The other side of fact-checking

TRANSLATED BY CARA EVANS-GILLEN AND PROOFREAD BY JOYCE CHEN

Fact-checking services (the verification of facts) are a new tool being used by the media which allows them to tackle the spread of rumours and misinformation. The volume of information and the speed at which it spreads have increased considerably since the invention of the internet and its widespread dissemination. Spreading false information has never been easier and fact-checking aims to put a stop to this, but that’s not all that it does.

The origin of fact-checking

Fact-checking first came about in the 2000s in the US, but it’s only been around in France since the end of the first decade of the 2000s. One of the pioneers of fact-checking in France was the newspaper Libération with its platform ‘Désintox’ in 2008. One year later, the newspaper Le Monde used the same tool with its column ‘les Décodeurs’.

The news media seems to have adapted to this new way of circulating information with ease. Fact-checking columns are thriving, and they’re very much needed due to the proliferation of ‘fake news’ (false information) which can have very real consequences. These columns are not the ones written voluntarily by well-known satirical newspapers, such as Le Gorafi, who are likely to challenge larger print or television media groups. For example, fact-checking allows the media to correct figures and information given by so-called ‘experts’ or political figures. It is also a way to increase audience interest and restore credibility to the press sector, which is suffering from an unprecedented legitimacy crisis.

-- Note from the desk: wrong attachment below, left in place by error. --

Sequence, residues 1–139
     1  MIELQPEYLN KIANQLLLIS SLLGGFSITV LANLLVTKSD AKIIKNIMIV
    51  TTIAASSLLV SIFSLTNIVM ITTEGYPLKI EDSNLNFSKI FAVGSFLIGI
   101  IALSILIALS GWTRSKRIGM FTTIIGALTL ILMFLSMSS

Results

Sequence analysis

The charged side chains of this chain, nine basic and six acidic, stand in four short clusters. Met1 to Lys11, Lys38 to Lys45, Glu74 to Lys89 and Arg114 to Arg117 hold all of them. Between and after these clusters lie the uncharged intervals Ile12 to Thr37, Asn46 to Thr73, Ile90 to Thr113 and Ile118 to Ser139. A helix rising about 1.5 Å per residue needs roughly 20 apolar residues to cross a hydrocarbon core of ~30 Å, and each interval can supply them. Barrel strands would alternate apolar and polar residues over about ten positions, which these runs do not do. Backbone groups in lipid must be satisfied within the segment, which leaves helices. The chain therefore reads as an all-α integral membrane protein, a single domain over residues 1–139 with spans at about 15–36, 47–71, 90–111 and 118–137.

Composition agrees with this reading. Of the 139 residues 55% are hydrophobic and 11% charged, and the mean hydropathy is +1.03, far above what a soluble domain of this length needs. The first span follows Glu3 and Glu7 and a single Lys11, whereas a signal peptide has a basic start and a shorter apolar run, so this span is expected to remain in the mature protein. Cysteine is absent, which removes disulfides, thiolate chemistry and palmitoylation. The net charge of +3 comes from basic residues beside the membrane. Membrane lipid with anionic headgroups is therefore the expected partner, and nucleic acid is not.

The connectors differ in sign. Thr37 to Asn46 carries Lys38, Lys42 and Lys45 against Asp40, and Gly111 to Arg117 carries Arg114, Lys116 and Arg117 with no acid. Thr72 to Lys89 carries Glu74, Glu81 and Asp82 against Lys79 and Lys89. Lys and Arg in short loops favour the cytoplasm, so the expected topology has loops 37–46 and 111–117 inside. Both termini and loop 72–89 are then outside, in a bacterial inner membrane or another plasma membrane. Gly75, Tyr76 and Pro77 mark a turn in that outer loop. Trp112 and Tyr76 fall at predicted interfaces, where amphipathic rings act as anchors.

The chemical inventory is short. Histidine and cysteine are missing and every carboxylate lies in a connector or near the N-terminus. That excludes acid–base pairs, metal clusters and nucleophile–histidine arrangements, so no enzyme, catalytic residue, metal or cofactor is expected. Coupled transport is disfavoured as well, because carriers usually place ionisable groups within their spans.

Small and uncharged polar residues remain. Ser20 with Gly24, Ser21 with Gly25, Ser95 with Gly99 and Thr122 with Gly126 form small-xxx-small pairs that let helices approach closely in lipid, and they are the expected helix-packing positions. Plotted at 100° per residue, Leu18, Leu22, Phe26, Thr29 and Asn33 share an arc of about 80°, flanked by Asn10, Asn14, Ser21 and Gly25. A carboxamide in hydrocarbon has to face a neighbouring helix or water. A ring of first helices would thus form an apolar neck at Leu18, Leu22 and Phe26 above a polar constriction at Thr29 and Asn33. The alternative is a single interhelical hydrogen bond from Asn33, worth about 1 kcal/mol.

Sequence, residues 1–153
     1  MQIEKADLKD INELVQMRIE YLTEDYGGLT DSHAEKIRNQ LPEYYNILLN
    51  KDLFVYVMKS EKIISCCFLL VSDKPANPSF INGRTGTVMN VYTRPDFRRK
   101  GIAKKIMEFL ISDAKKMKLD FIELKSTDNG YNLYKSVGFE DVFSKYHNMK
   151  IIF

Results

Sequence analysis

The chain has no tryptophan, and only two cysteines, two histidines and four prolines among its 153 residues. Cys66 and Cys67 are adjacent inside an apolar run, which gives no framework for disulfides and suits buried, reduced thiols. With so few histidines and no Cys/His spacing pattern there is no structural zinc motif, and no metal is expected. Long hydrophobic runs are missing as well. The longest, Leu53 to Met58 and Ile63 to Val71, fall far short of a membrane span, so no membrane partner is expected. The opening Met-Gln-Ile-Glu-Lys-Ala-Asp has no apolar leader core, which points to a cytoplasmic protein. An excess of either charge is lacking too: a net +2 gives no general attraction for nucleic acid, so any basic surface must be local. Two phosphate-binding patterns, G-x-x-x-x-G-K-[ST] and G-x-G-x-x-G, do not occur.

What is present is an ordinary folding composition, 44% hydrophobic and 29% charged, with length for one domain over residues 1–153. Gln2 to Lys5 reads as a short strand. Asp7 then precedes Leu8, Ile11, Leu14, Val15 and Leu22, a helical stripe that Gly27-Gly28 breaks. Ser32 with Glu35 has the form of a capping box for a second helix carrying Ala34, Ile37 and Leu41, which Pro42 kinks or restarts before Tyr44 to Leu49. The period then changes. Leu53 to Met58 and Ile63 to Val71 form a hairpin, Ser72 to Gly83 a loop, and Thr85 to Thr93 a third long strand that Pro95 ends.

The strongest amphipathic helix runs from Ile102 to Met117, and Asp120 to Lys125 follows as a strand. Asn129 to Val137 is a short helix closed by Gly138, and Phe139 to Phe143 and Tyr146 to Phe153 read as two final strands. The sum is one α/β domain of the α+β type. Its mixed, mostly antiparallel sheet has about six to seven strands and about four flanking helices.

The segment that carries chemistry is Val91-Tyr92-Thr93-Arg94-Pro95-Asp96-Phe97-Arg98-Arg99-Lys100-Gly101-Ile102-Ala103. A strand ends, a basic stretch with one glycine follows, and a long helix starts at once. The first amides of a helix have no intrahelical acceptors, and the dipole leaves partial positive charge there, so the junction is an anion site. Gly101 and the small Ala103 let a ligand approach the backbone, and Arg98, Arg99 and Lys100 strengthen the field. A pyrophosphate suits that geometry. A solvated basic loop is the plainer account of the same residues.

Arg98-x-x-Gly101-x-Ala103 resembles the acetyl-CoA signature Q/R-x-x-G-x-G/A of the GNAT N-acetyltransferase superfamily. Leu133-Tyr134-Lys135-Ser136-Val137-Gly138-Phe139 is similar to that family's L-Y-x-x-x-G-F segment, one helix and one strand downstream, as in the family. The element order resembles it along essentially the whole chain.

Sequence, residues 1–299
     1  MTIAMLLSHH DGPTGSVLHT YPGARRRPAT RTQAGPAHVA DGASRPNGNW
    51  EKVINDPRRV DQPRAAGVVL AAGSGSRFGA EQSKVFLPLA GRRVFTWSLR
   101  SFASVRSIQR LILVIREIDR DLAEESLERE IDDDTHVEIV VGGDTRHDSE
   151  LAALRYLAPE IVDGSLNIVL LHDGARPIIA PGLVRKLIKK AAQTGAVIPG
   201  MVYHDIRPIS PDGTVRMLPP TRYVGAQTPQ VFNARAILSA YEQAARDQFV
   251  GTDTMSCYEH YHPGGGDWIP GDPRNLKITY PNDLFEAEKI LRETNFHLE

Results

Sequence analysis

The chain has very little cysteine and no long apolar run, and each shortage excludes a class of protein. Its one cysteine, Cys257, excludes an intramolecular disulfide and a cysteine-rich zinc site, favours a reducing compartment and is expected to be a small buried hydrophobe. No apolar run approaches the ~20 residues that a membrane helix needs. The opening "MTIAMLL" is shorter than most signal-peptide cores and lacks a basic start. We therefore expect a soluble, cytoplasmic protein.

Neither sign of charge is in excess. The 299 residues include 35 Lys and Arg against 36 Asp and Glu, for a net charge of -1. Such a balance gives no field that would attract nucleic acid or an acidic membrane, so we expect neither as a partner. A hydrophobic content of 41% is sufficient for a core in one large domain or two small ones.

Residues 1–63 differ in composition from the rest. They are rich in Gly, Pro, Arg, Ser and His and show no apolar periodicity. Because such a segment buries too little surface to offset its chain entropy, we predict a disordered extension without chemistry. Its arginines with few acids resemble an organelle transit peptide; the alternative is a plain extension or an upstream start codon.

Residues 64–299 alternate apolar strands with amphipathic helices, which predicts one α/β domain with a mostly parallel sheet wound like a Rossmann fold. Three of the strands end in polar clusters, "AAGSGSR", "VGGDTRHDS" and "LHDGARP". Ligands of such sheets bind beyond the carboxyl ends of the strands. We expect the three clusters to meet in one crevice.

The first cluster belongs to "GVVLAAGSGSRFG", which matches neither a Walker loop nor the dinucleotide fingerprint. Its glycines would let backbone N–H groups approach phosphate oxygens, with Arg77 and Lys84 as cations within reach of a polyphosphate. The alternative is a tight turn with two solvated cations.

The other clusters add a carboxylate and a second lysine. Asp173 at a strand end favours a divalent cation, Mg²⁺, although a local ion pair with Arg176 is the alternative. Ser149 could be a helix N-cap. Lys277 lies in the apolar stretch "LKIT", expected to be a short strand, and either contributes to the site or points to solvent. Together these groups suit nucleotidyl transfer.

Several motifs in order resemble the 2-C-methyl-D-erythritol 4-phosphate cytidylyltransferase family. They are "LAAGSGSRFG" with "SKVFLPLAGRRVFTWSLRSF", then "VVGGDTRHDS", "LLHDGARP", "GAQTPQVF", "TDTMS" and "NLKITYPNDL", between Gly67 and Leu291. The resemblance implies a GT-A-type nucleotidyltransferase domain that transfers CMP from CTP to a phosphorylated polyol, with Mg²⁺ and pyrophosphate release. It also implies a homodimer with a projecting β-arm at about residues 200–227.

The downfalls of fact-checking

Fact-checking is a practice increasingly rooted in the way that the press operates. According to ACRIMED, a media watchdog, the process of fact-checking at the moment has its limitations: it teaches very few new things, focusing on ‘the fact’ sometimes obscures what the debate is really about, and concentrating on how the information is presented, rather than the idea it carries, skews the information itself.

Among the fiercest critics of this new practice of fact-checking is Frédéric Lordon, whose blog is associated with the newspaper Le Monde Diplomatique. According to Lordon, fact-checking is a “frenzy[…] at the highest representative level of post-political journalism […]  in which there is nothing more to discuss, except factual truths”. He adds, “it’s the fact that to have unlearned to think for so long, any attempt to start thinking again… is hopelessly futile, like the philosophy of fact-checking […] the ‘Raft of the Medusa’ for sinking journalism”.

The age of post-truth politics

Whether it’s ‘Désintox’ for Le Monde et Arte or ‘le vrai du fake’ for FranceInfo, the choice of words suggests the ethical and professional superiority of the main news media. A detailed analysis would undoubtedly reveal that the process of fact-checking is sometimes abused. Biased information taken out of context can lead to missing the real issues at stake in the debate. The main actors in the media world claim to be the sole guarantors of detoxifying, decoding and giving the truth. In return, they present the information in the dichotomous and Manichaean way of “true or false?” or “fact or hoax?”.

Faced with the amount of information and the speed at which it spreads, some claim that ‘fact-checking’ is part of the era of ‘post-truth politics’.

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